Coastal Issues | Ocean Resources

Ocean and Great Lakes Resources


Coral Bay watershed in St. John, USVI.

The United States is an ocean nation. The ocean and Great Lakes area under U.S. jurisdiction is larger then the country's total land mass of 3.7 million square miles. Beneath this enormous area lies a wealth of natural resources: fish; marine mammals; coral reefs; oil; natural gas; mineral deposits; and deep-sea thermal vents. These ocean and Great Lakes resources are at the base of a vibrant economy. Ocean and Great Lakes activities are estimated to contribute over 100 billion dollars to our economy and support over two million jobs.

Our nation's oceans and Great Lakes are increasingly under stress as the result of human activities.

Human ingenuity and ever-improving technologies have enabled us to exploit-and significantly alter-the ocean's bounty to meet society's escalating needs. Pollution runs off the land, degrading coastal waters and harming marine life. Many fish populations are declining and some of our ocean's most majestic creatures have nearly disappeared. Along our coasts, habitats that are essential to fish and wildlife and provide valuable services to humanity continue to suffer significant losses. Non-native species are being introduced both intentionally and accidentally, into distant areas, often resulting in significant economic costs, risks to human health, and ecological consequences that we are only beginning to comprehend.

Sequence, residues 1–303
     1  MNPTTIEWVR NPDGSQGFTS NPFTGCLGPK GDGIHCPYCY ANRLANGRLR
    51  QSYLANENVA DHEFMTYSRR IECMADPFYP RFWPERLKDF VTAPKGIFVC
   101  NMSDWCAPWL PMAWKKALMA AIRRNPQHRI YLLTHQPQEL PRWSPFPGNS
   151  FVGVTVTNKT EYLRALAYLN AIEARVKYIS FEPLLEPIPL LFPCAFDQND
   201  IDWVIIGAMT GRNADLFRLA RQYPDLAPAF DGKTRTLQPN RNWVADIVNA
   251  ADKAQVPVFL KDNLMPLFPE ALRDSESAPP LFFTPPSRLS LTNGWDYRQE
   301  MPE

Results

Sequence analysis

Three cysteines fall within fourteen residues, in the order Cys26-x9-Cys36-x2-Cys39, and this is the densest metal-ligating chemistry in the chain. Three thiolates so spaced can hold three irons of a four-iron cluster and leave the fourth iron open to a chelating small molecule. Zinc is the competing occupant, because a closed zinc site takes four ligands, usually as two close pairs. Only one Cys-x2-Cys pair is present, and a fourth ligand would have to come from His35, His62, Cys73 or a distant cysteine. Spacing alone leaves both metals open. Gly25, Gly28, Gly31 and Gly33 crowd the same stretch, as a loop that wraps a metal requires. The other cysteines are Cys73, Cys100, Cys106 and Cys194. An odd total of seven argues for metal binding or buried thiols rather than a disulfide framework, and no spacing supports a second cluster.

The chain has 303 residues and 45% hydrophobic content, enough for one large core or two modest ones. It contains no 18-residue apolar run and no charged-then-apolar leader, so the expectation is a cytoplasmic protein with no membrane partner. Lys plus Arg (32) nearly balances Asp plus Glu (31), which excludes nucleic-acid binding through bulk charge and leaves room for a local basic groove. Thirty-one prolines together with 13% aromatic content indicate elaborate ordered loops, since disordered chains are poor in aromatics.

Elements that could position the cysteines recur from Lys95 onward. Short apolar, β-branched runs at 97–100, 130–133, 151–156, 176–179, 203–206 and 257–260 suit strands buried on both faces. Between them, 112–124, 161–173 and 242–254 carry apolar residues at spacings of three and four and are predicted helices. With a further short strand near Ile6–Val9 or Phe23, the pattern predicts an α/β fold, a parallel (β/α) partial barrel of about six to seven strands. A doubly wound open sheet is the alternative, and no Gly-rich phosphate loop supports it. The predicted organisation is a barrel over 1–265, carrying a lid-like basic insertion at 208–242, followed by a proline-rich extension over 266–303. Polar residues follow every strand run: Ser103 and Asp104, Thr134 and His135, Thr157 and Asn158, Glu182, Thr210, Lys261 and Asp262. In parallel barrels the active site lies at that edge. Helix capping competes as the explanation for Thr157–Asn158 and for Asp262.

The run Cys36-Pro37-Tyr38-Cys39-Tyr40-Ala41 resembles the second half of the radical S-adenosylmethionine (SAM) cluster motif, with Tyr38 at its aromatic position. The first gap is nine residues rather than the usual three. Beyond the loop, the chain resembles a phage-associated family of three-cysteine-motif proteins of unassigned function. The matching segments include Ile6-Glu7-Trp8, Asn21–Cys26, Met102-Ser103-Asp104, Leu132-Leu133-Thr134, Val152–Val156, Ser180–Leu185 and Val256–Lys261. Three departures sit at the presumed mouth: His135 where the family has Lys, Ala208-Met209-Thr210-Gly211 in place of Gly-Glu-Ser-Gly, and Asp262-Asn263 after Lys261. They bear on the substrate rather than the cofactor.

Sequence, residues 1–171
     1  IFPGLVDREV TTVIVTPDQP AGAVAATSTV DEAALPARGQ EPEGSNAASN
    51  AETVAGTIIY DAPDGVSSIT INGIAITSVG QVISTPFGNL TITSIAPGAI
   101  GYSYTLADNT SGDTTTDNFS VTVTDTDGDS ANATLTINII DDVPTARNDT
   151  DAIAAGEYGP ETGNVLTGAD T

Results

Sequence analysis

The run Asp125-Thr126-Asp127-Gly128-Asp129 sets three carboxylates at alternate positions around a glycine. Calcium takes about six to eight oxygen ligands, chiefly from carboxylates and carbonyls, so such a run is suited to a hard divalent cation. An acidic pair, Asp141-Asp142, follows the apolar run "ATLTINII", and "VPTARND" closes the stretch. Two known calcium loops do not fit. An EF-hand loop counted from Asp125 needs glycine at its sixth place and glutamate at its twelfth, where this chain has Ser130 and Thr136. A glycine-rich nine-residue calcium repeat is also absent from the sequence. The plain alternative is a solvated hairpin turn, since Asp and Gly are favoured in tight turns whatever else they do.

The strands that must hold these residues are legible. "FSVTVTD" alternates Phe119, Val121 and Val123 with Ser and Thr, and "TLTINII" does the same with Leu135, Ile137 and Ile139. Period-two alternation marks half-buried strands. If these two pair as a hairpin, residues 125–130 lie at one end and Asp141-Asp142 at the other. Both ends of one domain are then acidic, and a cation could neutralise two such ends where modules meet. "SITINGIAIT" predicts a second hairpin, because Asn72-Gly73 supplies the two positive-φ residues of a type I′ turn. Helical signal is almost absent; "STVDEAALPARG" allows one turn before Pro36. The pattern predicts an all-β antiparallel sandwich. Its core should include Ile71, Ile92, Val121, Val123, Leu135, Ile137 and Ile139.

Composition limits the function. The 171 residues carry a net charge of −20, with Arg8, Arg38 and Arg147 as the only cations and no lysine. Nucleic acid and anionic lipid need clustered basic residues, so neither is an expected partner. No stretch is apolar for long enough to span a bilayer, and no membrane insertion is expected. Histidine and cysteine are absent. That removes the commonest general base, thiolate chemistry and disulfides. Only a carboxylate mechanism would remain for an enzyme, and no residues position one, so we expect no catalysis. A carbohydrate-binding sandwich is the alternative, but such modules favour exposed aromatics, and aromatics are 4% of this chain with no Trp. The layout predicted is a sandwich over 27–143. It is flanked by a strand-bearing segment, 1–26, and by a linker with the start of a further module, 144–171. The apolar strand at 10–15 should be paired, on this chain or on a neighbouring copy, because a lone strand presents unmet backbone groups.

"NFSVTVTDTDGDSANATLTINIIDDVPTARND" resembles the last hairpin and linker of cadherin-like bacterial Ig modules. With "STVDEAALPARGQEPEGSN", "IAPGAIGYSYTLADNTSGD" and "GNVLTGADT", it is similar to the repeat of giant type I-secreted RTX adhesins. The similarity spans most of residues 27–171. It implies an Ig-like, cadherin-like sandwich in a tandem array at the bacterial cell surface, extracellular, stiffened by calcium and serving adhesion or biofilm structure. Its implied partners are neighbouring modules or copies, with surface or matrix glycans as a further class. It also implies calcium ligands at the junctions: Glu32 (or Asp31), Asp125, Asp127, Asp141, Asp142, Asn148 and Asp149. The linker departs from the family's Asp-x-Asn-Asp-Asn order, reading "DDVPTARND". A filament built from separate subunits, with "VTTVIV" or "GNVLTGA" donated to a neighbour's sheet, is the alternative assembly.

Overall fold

-- An Ocean Blueprint for the 21st Century, Final Report of the U.S. Commission on Ocean Policy, 2004

A photo of people

Stakeholders evaluating the effectiveness of marine protected areas (MPAs). MPAs are one tool that can be used to manage ocean resources.

We depend upon our oceans and Great Lakes for many activities including commercial and recreational fishing, aquaculture, navigation, commerce, and recreation and for resources such as oil, gas, minerals, and sand. At times, various uses and/or resource development activities may be incompatible and a balance must be found. To better manage the health of our ocean and Great Lakes resources and to alleviate conflicts, OCRM supports ocean and Great Lakes management initiatives including regional and statewide planning efforts, marine zoning and marine protected areas, coral reef conservation, habitat research, assessment and monitoring, and the development of mapping and information systems.

In Depth: Ocean and Great Lakes Resource Management.

For additional information, contact Carrie Hall.